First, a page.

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BELIEVE IT OR NOT: MONEY ALSO MAKES THE WELFARE WORLD GO ‘ROUND

As a responsible welfare organisation, we are extremely proud of the manner in which we spend every cent that we receive. And we are similarly proud of the fact that we have done everything in our power to facilitate all possible benefits for those who assist us financially – we are registered as a NPO as well as a PBO (Section 18A).

With more than 75 years of experience to our credit, we are in the best possible position to judge what is needed by whom – both with regard to our association and our clients. In return for the trust placed in us by donors, we subscribe to a policy of complete transparency and proudly record all our actions for anyone to scrutinise.

We too have to pay our bills

We dislike asking for money, but we boldly do so, because we are here to serve and know the difference we make in people’s lives. Our greatest need is money, primarily because of the following:

  • most of the services we provide necessitate the employment of skilled professionals (social workers and care givers);
  • we operate predominantly in previously disadvantaged communities, and most of our clients are in the low to zero income bracket which makes it impossible for them to pay market-related rates for our services;
  • providing a door-to-door service in a vast area results in very high travelling and communication costs (the advent of cell phones in the poorest areas has definitely facilitated communication in these areas, but has had a dramatic impact on our budgets);
  • neither government nor the Lotto provides all the money needed to sustain the welfare sector; and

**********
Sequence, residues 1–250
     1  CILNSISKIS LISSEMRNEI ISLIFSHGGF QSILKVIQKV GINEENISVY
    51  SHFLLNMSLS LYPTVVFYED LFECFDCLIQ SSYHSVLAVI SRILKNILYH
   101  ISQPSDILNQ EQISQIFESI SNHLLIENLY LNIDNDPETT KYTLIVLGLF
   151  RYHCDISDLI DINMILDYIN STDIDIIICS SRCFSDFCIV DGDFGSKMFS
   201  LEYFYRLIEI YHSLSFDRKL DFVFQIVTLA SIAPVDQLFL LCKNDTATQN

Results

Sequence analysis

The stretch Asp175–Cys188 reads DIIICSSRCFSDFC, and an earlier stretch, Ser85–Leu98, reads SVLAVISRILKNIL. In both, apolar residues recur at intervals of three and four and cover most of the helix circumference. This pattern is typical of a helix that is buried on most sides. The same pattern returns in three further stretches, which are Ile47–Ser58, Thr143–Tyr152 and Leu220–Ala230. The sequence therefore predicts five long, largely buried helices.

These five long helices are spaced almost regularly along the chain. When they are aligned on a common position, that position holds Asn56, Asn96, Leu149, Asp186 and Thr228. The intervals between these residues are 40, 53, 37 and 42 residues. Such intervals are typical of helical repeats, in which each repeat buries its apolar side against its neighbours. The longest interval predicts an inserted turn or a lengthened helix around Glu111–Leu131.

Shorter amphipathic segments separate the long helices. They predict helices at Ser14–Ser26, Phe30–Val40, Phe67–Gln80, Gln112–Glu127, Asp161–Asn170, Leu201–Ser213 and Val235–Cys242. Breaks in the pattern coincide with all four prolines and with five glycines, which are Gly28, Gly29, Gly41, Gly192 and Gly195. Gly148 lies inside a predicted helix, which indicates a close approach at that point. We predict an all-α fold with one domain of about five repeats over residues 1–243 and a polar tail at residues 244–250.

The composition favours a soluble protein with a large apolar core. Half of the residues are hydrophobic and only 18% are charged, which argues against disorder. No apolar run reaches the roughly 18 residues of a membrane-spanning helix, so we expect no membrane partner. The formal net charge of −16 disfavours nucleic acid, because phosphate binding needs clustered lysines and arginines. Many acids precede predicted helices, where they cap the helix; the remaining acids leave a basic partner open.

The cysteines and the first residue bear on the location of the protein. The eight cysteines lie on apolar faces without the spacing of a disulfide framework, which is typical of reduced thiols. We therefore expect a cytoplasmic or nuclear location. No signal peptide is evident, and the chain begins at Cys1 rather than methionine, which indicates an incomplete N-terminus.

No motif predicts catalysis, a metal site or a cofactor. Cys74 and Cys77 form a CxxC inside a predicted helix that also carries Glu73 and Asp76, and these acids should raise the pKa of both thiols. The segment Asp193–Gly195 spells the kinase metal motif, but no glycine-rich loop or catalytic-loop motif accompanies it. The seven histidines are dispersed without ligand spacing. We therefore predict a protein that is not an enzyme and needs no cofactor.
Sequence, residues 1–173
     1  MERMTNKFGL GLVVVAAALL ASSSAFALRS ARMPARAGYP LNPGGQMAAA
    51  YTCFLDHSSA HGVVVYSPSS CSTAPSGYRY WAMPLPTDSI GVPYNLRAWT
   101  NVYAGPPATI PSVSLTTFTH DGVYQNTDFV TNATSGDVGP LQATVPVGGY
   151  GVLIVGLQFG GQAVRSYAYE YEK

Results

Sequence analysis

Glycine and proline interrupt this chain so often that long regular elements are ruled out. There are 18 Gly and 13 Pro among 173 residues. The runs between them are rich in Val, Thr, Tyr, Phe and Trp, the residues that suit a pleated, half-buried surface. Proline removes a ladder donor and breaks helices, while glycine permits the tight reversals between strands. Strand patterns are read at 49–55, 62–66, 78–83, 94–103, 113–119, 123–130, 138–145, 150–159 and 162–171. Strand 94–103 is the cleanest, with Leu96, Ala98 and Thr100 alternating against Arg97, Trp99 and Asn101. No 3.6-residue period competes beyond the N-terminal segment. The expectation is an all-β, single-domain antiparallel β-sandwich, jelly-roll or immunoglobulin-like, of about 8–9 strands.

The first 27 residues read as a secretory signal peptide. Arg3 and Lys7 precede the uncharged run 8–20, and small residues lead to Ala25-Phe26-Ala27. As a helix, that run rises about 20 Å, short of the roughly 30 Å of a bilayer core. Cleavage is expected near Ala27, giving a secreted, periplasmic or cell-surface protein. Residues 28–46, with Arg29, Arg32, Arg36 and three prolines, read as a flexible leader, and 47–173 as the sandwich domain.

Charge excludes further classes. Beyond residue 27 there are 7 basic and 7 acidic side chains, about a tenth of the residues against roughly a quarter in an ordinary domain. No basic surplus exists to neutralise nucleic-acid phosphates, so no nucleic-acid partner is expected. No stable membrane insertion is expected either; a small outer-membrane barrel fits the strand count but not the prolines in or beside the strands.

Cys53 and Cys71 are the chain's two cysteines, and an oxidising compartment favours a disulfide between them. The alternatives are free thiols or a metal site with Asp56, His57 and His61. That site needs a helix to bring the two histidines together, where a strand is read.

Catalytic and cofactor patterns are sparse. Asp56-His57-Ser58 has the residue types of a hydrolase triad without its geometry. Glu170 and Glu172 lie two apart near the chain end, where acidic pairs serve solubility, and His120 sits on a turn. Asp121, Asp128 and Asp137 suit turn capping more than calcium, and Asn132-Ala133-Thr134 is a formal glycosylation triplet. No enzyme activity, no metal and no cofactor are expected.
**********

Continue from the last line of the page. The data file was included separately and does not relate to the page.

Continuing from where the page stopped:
• our overheads are exactly the same as yours (municipal services, insurance, telephones, petrol, etc), yet very few funders are prepared to assist in this regard.

We know that donors are loathe to give money, especially for operating costs. We know that this could be open to abuse, but, at the same time, we do feel that organisations should be judged on merit; that reputable organisations which have proven themselves over an extended period of time, should not be discriminated against.

Donor’s demands cost money
It is difficult to understand how government and private sector can have such a great expectancy of the welfare sector to meet the incredible social need in this country, without attaching any value to the professionals who have to render these services or the tools they need to do the work.

Everybody insists that welfare organisations operate professionally – they must have a strong governing body, qualified management team, a five year strategic plan, business plans, goals, objectives, sound financial management, audited financial statements, regular reports on activities, professional employees, fundraising capacity, awareness campaigns; they must heal, educate, train, uplift, get community involvement, empower, create jobs, serve a worthy cause and, last but not least, not only be prepared to render their services at a rate much lower than that of private sector, but be prepared to work for no salary at all.

Our work is crucial to the well-being of the country
The welfare sector’s work is crucial to the well-being of the country as a whole – government benefits because it is saving them hundreds of millions of rands per annum and both public and private sector get massive financial benefits, as we make a valuable contribution in ensuring that this is a good country to holiday or invest in.

Imagine, just for a moment, the state this country would be in if all welfare organisations went on strike or closed their doors. The thousands of people employed by our sector would join the ranks of the unemployed, and the hundreds of thousands of people we help would become the burden of the State. Without the welfare sector, the world would be a much, much unhappier place…

We can only hope that you, as a responsible South African who cares about this country and its people, can appreciate the work that we do enough to give us some financial support.

  • Awelani

    i am a disabble student graduated Bachelor of Economics i am unable to find job i need a job. my contact; 0846825861

    • http://www.apd.org.za/ Webmaster

      Dear Awelani. Thank you for your comment. Please contact our recruitment department at 011 646 8331 and ask for Thapelo. Alternately send your CV to ThapeloR@apdjhb.co.za. Thank You!